I took in a couple of indoor shows later that night and was really impressed the hillbilly sounds of Rusty Steele. I’ve been a fan since his wonderful joint tribute album to Hank Williams with the Rimshots. Final band of the evening were the mighty Jack Rabbit Slim, who played a powerhouse set of 21st Century rockabilly. It was powerful stuff and they created a great atmosphere with crowd pleasures like The Touch and Killer Dilla.

The weather on Saturday was scorching and the highlight of the day time shows were Truly Lover Trio with their Roy Orbison sound. I caught a bit of Mary Jean Lewis who seemed really good and then waited for Narvel Felts. One of my wife’s favourite songs is Kiss-A Me Baby and I’d preached to her how great he was when I’d seen him a few times at Hemsby with the Rimshots. Unfortunately, Narvel’s ill health seems to have caught up with him. His backing band, Lazy Dog provided a solid country backing and his set was of a much more country flavour than at Hemsby. Nothing wrong with that, but he struggled to reach a lot of notes, and I wonder if we’ll ever see him over here again.

I can’t describe how much I enjoyed James Intveld. I love his rockin’ country sound and with his voice and a wonderful band (the guitarist was sensational), it was the highlight of the weekend. He played tracks from his three albums and I’m hard pressed to pick some favourites. If pushed, I’d say, Somewhere Down The Road and A Woman’s Touch (Rod Pyke’s favourite). The women were swooning and my wife thought he looked like Johnny Depp. He’s phenomenal and I hope he gets called back every year.

I’ve seen Johnny Power’s a few times and his show is always packed with energy, aided in no small part by the dynamic guitar of Chris Casello. Keith and the rest of the crowd went absolutely mental when the guitar intro to Long Blonde Hair blasted through the night air. It’s a classic and Johnny, Chris and the band played it with venom - a magical moment.

I caught a couple of Alvin Stardust numbers and was baffled by some weird versions of rock 'n' roll classics. No sign of Shane Fenton in this poor performance, but I was really impressed by the country band, Two Tons of Steel. They’re the real deal and listening to them in the open air on a hot summers night is about as good as it gets. This could have been a summer fair in Alabama, which sort of sums up the name, Americana I suppose.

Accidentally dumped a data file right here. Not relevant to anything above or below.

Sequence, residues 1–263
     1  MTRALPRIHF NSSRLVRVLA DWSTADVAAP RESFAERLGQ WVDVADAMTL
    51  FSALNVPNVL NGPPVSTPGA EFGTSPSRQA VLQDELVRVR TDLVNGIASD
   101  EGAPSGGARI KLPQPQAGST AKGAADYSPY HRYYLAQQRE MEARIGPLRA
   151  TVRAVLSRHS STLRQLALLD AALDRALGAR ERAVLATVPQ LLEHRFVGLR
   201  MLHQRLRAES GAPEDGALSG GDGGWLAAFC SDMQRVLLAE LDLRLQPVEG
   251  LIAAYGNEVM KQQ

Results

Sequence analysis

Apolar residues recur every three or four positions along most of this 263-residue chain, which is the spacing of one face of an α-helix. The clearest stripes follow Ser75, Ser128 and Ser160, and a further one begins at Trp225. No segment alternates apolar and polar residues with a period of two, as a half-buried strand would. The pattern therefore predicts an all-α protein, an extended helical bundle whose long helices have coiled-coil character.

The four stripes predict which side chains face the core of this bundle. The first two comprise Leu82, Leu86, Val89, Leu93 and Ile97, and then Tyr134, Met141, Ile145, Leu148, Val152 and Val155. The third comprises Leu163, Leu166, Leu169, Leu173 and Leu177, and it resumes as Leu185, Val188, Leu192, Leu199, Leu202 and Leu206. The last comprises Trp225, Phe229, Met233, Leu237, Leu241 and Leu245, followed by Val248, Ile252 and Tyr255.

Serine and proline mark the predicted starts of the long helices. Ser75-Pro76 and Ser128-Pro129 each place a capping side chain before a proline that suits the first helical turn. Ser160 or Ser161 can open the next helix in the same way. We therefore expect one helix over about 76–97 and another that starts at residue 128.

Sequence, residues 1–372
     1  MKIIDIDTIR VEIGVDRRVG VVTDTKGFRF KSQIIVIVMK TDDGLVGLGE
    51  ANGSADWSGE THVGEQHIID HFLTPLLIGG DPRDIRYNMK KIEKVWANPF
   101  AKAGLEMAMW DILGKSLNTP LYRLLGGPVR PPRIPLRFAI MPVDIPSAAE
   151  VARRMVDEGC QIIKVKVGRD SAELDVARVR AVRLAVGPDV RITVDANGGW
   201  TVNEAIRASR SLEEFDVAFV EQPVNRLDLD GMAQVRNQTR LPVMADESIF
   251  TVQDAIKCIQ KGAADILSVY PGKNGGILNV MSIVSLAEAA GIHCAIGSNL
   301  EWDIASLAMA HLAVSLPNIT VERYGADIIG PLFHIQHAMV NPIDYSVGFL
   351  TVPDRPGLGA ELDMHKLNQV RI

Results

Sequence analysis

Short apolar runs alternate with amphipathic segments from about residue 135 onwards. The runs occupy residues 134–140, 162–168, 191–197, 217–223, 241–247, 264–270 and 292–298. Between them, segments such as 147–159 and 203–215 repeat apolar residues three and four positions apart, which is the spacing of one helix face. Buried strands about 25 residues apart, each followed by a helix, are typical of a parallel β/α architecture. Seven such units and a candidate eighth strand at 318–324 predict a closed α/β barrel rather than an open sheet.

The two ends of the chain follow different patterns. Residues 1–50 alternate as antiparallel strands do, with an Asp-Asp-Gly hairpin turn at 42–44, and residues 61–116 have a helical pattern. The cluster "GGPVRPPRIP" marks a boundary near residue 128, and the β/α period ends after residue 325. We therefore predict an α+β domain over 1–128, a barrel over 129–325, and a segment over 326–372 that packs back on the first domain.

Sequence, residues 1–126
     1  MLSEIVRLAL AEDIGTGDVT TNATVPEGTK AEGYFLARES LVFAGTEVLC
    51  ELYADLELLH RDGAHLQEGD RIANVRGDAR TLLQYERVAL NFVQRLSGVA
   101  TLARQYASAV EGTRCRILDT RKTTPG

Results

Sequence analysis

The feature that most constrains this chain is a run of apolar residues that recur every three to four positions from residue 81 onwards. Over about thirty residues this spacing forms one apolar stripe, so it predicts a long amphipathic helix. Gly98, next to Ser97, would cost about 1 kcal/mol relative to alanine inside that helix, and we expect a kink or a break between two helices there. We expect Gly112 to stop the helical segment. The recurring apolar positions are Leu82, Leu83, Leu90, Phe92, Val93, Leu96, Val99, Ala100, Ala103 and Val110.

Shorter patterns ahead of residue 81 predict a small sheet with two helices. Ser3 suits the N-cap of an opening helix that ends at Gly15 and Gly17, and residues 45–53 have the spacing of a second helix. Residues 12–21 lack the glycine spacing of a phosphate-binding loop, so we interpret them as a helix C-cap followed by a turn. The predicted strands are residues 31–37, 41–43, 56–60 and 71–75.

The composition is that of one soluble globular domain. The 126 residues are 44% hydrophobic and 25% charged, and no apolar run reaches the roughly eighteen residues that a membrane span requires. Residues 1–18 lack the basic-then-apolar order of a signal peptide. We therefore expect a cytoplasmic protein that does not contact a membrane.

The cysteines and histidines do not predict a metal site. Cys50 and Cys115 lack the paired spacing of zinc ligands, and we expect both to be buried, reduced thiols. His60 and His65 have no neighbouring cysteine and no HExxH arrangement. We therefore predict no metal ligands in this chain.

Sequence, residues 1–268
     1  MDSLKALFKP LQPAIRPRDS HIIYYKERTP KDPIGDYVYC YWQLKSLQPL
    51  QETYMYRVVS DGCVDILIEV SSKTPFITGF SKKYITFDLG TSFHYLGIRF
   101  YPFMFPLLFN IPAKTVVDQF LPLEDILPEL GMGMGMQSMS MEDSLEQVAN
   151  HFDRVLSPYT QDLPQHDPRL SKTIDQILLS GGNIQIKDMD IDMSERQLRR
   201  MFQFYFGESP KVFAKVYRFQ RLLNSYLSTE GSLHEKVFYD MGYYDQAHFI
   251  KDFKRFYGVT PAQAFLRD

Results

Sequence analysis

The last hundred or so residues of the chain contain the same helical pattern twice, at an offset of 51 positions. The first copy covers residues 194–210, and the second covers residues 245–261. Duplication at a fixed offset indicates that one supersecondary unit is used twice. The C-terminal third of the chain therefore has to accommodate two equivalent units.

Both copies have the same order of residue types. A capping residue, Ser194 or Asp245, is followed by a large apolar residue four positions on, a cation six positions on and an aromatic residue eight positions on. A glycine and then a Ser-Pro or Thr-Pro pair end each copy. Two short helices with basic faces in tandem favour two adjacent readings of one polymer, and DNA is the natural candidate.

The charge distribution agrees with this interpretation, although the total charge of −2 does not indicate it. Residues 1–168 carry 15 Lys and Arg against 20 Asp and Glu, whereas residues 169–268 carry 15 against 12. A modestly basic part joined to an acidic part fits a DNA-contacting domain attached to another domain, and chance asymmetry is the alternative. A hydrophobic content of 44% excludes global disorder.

The evening closed with a storming set from the Revolutionnaires, who had the crowd jumping with a brilliant set of hot jumping blues. The lead singer alternated from harmonica to piano to guitar and it was high quality showmanship. It was probably the best atmosphere of the weekend with the hanger busting at the seams, including a few lads that just couldn’t resist the urge to get on stage and boogie on down.

As always when you’re having fun, the time flies by and before we knew it, it was Sunday. First up was another set from James Intveld which was pretty close to the previous day’s, although the addition of Modern Don Juan was brilliant. His voice is perfect for that West Texas rock ‘n roll, with a comforting quality along the lines of Sonny Curtis or Buddy Knox. If you’ve never seen James Intveld before, I urge you to check his tour dates and go and watch him, he’s brilliant.

Former Dr Hook front man Dennis Loccorriere gave a pleasant acoustic set but we missed most of it as we wanted to watch the doo-wopppers The Roommates. Their sound was great and despite the sore throat of one of the lead singers, they gave us a fine mixture from the likes of Dion and more surprisingly, Gene Vincent. One of the things I loved about the Americana was the laid back atmosphere and this seemed to extend to the artists as well. To me this was highlighted by Art Adams sitting in the crowd on a deck chair watching the Roommates while fans came up to him and chatted or had a photo taken.

I enjoyed the set from Some Like It Hot, a real rockabilly band that hit the spot. We all looked forward to the Kingcats but sod’s law decreed that the heaven’s would open once again. Despite the torrential rain, the crowd and the band got into the groove and Bill Crittenden treated us to his beautiful, Elvisesque vocals. The band were joined by Bill’s daughter Abbie Marie but after two songs their set was rather crudely terminated. The crowd were yelling for more but the plugged was pulled, much to the annoyance of the crowd and a very upset father and daughter. I forgot the name of the bearded guy who unceremoniously pulled the plug, but he was a bit o a pain all weekend, continually talking shouting over the mic about his sandwiches while the deejays tried to spin the wax and get the dancers going.

I've seen and been a big fan of Paul Ansell for many years and eagerly awaited his show. Even though this was far from his best performance, there was still much to enjoy. There was a lot of songs from his new album, which I've yet to really warm to. A couple more listens and I should be there! I was gutted that we had to leave before John Lewis hit the stage. His Hemsby shows with the Rimshots are amongst the best I've ever seen.

A special mention must go to the sound guys who defied the elements to keep the music coming. Sterling work in some pretty unhelpful conditions.

I can't wait for next year, with a line-up that is shaping up to be a must. Acts confirmed to date include Hayden Thompson, The Balsters, The Polecats and Confederate Railroad. Roll on next July.